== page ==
Chapter 03 - CC vins and vouts¶
You might want to review the bitcoin basics and other materials to refresh about how bitcoin outputs become inputs. It is a bit complicated, but ultimately it is about one specific amount of coins that are spent, once spent it is combined with the other coins that are also spent in that transaction and then various outputs are created.
vin0 + vin1 + vin2 -> vout0 + vout1
That is a 3 input, 2 output transaction. The value from the three inputs are combined and then split into vout0 and vout1, each of the vouts gets a spend script that must be satisfied to be able to be spent. Which means for all three of out vins, all the requirements (as specified in the output that created them) are satisfied.
Yes, I know this is a bit too complicated without a nice chart, so we will hope that a nice chart is added here:
Placeholder text : [nice chart goes here]
Out of all the aspects of the CC contracts, the flexibility that different vins and vouts created was the biggest surprise. When I started writing the first of these a month ago, I had no idea the power inherent in the smart utxo contracts. I was just happy to have a way to lock funds and release them upon some specific conditions.
After the assets/tokens CC contract, I realized that it was just a tip of the iceberg. I knew it was Turing complete, but after all these years of restricted bitcoin script, to have the full power of any arbitrary algorithm, it was eye opening. Years of writing blockchain code and having really bad consequences with every bug naturally makes you gun shy about doing aggressive things at the consensus level. And that is the way it should be, if not very careful, some really bad things can and do happen. The foundation of building on top of the existing (well tested and reliable) utxo system is what makes the CC contracts less likely for the monster bugs. That being said, lack of validation can easily allow an improperly coded CC contract to have its funds drained.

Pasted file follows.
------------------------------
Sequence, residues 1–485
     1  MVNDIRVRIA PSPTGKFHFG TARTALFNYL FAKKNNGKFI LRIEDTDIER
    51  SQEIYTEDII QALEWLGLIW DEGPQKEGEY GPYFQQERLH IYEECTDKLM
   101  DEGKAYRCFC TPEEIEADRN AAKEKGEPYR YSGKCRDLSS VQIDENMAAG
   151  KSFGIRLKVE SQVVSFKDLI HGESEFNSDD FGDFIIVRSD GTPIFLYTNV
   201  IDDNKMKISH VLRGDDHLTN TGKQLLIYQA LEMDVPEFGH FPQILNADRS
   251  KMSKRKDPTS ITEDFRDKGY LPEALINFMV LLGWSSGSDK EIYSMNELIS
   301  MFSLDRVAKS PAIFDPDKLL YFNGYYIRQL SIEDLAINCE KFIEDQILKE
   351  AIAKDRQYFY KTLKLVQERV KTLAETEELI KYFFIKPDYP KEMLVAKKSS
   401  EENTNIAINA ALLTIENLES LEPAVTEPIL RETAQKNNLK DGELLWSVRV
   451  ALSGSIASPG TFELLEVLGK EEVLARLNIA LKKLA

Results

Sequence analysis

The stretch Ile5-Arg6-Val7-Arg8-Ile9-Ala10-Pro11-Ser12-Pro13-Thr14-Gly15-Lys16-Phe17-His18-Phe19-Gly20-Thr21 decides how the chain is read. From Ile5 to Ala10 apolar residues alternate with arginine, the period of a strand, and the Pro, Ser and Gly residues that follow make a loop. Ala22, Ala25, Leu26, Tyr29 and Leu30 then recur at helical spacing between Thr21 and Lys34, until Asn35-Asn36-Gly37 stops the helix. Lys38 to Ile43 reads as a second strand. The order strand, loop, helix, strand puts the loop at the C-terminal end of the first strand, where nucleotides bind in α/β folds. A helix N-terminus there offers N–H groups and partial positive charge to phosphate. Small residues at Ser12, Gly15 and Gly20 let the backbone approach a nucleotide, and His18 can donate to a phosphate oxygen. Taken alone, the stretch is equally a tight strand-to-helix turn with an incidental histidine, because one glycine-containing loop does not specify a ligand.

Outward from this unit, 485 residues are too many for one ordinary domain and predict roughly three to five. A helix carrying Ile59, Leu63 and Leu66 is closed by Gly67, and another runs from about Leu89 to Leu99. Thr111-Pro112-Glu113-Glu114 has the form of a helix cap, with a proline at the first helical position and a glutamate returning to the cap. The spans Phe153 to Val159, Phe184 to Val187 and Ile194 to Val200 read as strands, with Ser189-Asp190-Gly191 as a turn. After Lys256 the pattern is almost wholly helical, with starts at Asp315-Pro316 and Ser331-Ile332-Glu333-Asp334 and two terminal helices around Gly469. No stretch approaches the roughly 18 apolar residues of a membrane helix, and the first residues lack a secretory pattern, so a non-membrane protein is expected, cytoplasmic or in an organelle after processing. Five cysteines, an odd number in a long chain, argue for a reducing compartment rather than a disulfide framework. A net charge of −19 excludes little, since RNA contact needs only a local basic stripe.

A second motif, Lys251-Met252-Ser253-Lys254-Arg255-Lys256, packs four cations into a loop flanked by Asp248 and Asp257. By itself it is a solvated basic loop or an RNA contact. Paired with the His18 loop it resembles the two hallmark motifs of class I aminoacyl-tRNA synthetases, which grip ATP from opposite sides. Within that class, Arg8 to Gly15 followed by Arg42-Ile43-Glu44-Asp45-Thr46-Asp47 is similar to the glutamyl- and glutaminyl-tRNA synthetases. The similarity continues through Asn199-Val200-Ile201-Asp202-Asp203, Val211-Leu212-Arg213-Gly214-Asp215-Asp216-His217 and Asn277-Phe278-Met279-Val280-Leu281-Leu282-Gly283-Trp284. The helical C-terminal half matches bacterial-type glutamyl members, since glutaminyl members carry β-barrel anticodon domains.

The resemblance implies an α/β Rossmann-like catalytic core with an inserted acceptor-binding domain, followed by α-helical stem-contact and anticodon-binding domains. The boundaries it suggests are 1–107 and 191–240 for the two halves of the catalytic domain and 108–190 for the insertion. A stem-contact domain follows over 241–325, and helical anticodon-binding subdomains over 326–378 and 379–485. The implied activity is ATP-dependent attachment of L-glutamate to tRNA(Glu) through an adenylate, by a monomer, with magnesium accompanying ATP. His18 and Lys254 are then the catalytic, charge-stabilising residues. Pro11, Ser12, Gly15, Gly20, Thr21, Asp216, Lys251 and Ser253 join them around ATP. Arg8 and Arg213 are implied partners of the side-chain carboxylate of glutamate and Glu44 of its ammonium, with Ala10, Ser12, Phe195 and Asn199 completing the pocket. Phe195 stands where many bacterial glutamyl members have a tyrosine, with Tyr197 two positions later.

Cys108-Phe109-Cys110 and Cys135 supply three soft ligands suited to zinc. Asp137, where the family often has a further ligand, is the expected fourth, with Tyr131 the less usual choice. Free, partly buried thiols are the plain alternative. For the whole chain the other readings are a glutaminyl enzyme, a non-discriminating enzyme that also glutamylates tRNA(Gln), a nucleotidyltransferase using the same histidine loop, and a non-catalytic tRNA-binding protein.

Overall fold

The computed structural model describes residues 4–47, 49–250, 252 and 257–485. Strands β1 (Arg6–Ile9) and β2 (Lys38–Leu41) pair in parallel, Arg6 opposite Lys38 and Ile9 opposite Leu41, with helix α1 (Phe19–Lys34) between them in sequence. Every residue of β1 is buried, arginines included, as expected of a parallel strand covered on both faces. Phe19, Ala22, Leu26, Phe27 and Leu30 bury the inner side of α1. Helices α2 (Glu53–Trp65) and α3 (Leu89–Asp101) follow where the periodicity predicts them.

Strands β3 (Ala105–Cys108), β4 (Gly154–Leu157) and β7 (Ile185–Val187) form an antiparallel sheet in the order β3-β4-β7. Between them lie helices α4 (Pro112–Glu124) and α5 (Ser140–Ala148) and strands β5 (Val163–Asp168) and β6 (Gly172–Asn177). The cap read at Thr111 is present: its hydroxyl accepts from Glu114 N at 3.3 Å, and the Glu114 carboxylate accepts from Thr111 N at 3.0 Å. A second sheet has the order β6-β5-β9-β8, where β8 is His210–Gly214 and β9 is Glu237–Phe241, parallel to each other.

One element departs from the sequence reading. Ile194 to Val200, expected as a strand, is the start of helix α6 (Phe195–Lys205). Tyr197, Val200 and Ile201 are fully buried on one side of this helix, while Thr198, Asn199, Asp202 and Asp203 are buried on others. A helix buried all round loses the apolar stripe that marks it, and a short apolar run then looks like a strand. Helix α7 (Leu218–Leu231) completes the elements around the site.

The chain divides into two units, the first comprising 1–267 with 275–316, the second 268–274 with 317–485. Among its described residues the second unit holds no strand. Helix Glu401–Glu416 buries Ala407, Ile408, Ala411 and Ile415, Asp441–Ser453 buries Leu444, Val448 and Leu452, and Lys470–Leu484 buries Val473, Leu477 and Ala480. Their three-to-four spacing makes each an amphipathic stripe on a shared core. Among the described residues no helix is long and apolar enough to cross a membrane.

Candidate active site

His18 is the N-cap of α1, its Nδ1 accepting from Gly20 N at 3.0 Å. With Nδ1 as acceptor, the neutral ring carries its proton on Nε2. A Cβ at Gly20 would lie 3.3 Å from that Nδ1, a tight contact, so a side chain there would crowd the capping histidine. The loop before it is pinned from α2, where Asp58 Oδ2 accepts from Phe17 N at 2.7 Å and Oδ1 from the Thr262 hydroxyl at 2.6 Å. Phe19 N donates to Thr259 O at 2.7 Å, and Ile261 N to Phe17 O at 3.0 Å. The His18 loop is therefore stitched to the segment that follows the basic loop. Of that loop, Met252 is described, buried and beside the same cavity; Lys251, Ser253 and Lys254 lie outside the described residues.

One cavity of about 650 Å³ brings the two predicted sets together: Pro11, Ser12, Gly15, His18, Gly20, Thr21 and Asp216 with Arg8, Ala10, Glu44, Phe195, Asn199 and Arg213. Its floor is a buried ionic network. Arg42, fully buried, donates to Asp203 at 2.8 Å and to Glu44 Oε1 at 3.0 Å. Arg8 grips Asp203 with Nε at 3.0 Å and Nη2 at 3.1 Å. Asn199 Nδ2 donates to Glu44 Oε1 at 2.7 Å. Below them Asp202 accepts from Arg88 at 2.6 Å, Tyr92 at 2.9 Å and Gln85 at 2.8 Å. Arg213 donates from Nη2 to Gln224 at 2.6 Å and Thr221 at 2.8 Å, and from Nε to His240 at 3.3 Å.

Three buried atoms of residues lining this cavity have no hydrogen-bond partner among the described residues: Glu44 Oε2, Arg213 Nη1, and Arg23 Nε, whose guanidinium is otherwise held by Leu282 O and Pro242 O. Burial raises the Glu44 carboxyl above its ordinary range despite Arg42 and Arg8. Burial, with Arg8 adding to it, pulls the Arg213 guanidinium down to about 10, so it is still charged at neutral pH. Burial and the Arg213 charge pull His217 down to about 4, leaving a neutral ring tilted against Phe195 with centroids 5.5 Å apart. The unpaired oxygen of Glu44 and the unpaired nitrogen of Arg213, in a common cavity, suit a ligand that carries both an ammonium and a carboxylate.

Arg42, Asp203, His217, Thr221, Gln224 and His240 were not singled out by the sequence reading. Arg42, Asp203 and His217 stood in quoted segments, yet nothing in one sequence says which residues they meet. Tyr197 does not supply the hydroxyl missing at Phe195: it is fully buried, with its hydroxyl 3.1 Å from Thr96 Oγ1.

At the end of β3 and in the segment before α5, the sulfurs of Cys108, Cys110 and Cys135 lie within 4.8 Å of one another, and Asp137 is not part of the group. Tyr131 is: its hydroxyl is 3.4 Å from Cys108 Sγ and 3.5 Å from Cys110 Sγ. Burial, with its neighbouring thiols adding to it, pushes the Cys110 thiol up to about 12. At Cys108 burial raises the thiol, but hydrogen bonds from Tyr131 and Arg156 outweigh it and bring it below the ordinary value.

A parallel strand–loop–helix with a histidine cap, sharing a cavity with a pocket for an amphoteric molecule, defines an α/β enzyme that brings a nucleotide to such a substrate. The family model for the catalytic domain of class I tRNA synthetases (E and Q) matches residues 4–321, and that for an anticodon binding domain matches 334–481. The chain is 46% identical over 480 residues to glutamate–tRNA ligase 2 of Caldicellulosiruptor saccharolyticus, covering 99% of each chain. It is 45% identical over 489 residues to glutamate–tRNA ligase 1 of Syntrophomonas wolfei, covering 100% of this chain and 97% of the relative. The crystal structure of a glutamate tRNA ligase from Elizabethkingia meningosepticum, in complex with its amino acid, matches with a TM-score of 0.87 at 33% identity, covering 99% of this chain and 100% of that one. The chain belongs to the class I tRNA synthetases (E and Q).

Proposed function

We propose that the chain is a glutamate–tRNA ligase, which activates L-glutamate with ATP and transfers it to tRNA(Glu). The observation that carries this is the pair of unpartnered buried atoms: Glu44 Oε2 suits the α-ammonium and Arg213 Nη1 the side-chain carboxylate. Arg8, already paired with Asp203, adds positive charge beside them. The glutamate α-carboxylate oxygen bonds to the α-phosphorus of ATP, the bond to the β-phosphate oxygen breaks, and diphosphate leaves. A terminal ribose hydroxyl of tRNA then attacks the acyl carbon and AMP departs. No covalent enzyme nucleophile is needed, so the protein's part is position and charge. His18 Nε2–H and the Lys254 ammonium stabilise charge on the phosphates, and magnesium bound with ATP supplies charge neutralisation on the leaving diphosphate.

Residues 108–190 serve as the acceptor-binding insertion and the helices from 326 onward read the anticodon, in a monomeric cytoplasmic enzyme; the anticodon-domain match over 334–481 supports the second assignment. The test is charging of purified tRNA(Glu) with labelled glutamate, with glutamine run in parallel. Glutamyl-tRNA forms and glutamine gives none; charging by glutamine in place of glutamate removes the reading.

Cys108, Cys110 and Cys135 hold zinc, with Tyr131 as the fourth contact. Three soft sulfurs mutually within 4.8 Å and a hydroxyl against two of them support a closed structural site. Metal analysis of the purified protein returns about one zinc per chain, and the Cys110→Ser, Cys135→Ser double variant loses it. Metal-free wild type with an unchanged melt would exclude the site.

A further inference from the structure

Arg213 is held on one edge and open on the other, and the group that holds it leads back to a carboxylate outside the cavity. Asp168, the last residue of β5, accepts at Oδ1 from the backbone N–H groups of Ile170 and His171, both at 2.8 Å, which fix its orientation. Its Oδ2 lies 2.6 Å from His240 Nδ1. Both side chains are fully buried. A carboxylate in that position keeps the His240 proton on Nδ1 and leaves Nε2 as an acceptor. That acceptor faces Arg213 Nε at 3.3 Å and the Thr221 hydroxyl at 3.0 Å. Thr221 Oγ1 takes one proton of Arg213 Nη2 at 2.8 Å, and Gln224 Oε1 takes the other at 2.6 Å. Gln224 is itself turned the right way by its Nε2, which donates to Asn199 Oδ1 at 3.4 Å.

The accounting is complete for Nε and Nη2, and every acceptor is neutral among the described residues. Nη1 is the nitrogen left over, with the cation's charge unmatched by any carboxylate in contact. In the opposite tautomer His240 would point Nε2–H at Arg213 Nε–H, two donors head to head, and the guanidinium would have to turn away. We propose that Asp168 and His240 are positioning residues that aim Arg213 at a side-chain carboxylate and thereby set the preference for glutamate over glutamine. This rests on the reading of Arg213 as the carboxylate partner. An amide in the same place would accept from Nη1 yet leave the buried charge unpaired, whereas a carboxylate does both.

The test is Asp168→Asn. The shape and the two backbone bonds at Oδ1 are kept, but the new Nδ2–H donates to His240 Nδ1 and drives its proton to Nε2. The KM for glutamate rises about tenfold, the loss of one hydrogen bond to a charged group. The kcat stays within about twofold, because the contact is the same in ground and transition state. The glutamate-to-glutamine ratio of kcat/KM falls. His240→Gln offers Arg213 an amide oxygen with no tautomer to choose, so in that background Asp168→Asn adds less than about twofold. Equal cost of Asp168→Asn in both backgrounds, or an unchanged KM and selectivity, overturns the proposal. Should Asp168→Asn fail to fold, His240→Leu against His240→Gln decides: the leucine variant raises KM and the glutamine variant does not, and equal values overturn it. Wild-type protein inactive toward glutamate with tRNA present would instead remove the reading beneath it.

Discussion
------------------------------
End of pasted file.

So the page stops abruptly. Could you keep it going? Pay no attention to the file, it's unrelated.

The CC contract breaks out of the standard limitations of a bitcoin transaction. Already, what I wrote explains the reason, but it was not obvious even to me at first, so likely you might have missed it too. If you are wondering what on earth I am talking about, THAT is what I am talking about!
To recap, we have now a new standard bitcoin output type called a CC output. Further, there can be up to 256 different types of CC outputs active on any given blockchain. We also know that to spend any output, you need to satisfy its spending script, which in our case is the signature and whatever constraints the CC validation imposes. We also have the convention of a globally shared keypair, which gives us a general CC address that can have funds sent to it, along with a user pubkey specific CC address.
Let us go back to the 3+2 transaction example:
vin0 + vin1 + vin2 -> vout0 + vout1
Given the prior paragraph, try to imagine the possibilities the simple 3+2 transaction can be. Each vin could be a normal vin, from the global contract address, the user’s CC address and the vouts can also have this range. Theoretically, there can be 257 * 257 * 257 * 257 * 257 forms of a 3+2 transaction!
In reality, we really dont want that much degrees of freedom as it will ensure a large degree of bugs! So we need to reduce things to a more manageable level where there are at most 3 types for each, and preferably just 1 type. That will make the job of validating it much simpler and simple is better as long as we dont sacrifice the power. We dont.
Ultimately the CC contract is all about how it constrains its inputs, but before it can constrain them, they need to be created as outputs. More about this in the CC validation chapter.